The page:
"TALKIN' 'BOUT MY GENERATION"
IN-BETWEEN DAYS:  1983-‘87
By Jim Hutter
THE BANGLES: Starting life as “The Bangs,” this all-female L.
A. quartet fit perfectly with that city’s Paisley Underground
scene of the ‘eighties.  With their backcombed Jeannie
Shrimpton hair, Cleopatra eyeliner, and go-go boots, The
Bangles both looked and sounded the part.  Mixing garage rock
fuzztone with Mamas and Papas harmonies, their first two
releases (Bangles E.P. and All Over The Place) were retro
masterpieces.  Then mainstream aspirations manifested
themselves with the slickly produced Prince tune, “Manic
Monday.” It was downhill from there.  Big hair and cheesy
ballads followed, but never cheapened The Bangles’ earlier
legacy.  Through it all, doe-eyed singer Susanna Hoffs
remained doll city—totally!

THE BLASTERS:  If any group defined grassroots Americana
in the ‘eighties, it had to be The Blasters.  Led by the Alvin
brothers, Phil and Dave, the band played an adult form of
rockabilly that told tales of American woe worthy of John
Steinbeck.  Taking pride in their heritage, The Blasters often
recorded and toured with New Orleans elder statesman Lee
Allen on sax as an unofficial sixth member.  Many songs were
unforgettable.  “Long White Cadillac” told the tale of Hank
Williams’ final ride.  “Marie, Marie” was pure sexual angst set
to a danceable rockabilly beat.  The best was possibly
“American Music,” a paean to everything that should make us
proud of our nation.

THE CHESTERFIELD KINGS:  This upstate New York
quintet is the perfect musical time warp, playing Nuggets’-
styled garage rock for the past twenty-some years. They snarl
with defiance even snottier than The Standells at their
baddest.   With Vox teardrop guitars and Prince Valiant hair,
The Chesterfield Kings are more punk than Billy Idol could
ever hope to be.  Footnote:  guitarist Andy Babiuk has since
written a very informative book on every guitar and amplifier
played by The Beatles.

THE CURE:  Although Robert Smith’s ever-changing combo
dated back to the early days of punk, they really came to
prominence during the “In Between Days.”  Beginning as a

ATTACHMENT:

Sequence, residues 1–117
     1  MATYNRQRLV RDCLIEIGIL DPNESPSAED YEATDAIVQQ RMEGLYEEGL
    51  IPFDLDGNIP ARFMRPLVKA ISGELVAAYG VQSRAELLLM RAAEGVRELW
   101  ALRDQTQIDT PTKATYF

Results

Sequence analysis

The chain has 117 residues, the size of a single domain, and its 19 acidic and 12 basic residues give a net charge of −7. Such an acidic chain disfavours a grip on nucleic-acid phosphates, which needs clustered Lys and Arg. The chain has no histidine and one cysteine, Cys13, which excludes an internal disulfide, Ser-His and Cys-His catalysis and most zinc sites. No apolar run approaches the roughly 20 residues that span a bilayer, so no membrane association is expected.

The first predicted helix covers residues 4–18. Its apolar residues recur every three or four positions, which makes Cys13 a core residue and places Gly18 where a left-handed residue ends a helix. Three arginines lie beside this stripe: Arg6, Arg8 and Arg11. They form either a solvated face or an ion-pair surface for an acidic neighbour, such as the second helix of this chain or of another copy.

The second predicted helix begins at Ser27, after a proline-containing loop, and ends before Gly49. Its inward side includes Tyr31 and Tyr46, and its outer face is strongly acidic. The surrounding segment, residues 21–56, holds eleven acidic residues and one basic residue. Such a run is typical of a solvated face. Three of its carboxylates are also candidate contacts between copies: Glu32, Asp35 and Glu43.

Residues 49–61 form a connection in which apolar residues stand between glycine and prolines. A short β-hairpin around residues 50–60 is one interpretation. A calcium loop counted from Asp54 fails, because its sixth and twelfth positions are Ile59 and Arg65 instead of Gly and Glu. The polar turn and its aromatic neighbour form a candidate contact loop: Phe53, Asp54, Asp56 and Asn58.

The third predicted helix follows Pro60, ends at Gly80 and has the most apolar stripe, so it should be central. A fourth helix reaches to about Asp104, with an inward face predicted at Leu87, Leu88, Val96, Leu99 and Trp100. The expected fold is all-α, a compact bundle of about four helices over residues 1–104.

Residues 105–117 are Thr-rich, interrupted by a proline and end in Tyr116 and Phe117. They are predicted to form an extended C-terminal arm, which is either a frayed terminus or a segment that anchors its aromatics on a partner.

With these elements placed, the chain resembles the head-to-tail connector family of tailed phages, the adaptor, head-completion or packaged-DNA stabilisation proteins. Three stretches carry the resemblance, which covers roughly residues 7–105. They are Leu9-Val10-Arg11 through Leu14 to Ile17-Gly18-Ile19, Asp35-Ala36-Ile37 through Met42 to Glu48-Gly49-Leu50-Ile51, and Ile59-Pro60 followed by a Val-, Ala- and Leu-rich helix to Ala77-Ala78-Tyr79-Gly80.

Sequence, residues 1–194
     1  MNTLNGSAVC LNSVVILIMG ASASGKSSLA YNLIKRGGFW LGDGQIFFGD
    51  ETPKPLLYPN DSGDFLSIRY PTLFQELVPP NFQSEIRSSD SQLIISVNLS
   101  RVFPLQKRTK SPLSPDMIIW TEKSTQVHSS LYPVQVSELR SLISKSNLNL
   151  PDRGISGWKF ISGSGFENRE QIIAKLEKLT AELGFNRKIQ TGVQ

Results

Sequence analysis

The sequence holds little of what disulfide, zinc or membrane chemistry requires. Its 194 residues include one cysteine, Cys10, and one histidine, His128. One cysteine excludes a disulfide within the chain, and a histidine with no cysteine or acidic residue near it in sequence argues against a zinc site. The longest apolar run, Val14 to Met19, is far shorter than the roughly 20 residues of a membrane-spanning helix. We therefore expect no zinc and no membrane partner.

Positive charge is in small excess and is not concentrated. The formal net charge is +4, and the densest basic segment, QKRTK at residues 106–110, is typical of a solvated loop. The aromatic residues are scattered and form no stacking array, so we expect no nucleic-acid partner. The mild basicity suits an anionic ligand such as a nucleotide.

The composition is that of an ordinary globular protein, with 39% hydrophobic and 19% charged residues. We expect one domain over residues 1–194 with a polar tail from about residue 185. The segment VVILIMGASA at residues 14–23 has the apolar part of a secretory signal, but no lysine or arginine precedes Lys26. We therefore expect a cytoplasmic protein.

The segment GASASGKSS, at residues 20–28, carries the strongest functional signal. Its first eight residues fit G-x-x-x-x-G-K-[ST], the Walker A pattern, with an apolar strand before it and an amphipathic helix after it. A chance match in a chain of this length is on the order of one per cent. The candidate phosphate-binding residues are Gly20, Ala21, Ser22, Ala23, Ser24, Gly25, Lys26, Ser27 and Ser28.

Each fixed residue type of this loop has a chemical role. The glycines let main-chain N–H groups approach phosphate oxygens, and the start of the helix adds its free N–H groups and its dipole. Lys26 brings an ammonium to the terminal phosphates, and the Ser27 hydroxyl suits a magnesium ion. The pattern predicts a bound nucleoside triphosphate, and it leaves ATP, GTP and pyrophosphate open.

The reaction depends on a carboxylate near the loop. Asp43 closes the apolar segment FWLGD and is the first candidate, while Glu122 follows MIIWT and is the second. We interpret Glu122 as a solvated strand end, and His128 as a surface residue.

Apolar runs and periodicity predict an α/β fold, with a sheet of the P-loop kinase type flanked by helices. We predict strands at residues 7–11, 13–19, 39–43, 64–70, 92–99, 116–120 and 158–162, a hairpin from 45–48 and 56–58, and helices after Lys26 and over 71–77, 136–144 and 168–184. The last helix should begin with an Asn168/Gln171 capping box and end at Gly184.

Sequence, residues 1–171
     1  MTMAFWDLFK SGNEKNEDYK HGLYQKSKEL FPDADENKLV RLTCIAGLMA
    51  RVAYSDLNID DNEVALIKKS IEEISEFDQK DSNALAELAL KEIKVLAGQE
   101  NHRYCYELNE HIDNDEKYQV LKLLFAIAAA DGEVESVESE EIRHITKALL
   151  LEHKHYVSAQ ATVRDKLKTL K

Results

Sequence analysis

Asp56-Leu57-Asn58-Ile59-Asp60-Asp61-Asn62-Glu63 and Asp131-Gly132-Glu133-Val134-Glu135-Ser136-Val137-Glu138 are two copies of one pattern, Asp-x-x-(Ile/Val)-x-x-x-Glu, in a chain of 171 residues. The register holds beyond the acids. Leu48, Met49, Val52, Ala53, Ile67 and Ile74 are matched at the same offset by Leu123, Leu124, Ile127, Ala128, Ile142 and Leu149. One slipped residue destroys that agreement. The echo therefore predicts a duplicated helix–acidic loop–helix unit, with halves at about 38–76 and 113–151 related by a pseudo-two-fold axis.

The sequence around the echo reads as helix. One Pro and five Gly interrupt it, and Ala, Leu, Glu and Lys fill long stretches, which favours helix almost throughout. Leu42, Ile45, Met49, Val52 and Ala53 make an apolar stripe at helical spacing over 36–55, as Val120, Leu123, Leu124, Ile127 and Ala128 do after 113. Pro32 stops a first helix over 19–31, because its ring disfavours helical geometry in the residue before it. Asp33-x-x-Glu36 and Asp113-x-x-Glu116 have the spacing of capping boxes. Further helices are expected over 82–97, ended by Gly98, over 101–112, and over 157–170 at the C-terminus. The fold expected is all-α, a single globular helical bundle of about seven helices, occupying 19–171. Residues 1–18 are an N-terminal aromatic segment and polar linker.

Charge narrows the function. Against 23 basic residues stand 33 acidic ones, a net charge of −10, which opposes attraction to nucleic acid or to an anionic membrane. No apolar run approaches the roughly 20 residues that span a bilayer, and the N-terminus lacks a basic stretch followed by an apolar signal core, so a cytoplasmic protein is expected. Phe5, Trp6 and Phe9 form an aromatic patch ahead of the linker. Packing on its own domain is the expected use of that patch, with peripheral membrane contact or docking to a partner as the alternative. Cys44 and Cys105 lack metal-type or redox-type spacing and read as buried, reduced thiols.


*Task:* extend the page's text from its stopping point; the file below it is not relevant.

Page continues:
moody power pop band, they eventually morphed into synth
pop and then brought us some of the most delectably dark pop
ever recorded.  Robert Smith croons with an ache in his soul,
bending pained notes in the most appealing way.  With their
moody melodies, black clothing, and smudged eyeliner, The
Cure was defining Goth when most current followers were
still in diapers.

ECHO AND THE BUNNYMEN:  Founded by Liverpudlian
Doors fan Ian McCullough, Echo and the Bunnymen have
produced some fine neo-psychedelic pop that does not sound
the least bit retro.  Attribute this to songwriting that
incorporates some of the most succulent minor chord melodies
and rock crooning that would put Cliff Richard to shame.  
Their finest moments include the unforgettable 1984 single,
“The Killing Moon,” and a snarky remake of “People Are
Strange” that was featured in the 1987 Psychotronic film,
“The Wild Boys.”  All are moody and marvelous.

THE FLESHTONES:  Some cynics believe that ‘eighties rock
was little more than a rehash of the three previous decades.  In
reality, it was a matter of drawing inspiration from the best of
the past to create something truly exciting in the present.  
Probably the best example of this type of revivalist reinvention
is The Fleshtones.  Tapping the best of ‘sixties garage rock
and ‘fifties rhythm and blues, The Fleshtones virtually invented
the concept of “Super Rock.”  The end result is more rocking
than punk, more danceable than disco, and unbelievably
exciting.  Although The Fleshtones never scored any Top 40
hits, singer Peter Zaremba gained momentary fame as the host
of MTV’s “The Cutting Edge” between 1984 and ’87.  Even
now, The Fleshtones remain together, releasing indie label
albums, touring incessantly, and continuing to excite Super
Rock fans everywhere.

GREAT PLAINS:  Some considered them cerebral college
rock.  Others thought of them as a garage band.  Both schools
of thought are correct regarding Great Plains.  The Columbus-
based indie label combo used extremely raw vocals and Farfisa-
driven arrangements as a backdrop to the confrontational
poetry of frontman Ron House.  A huge fan of Ray Davies,
House let his inner Kink show through many uninhibited and
alcohol-fueled performances.  It was only fitting that they
covered the jazz standard “Drunkard’s Blues” and made it
autobiographical.  They asked the musical question, “Why do
punk rock guys go out with new wave girls” in “Letter to a
Fanzine.”  Chances are they got the answer at their many
shows.

THE HOUSEMARTINS:  Mating slashing political commentary
with bouncy ‘sixties Merseybeat, the Housemartins gained a
degree of success on the British indie rock scene.  Leader Paul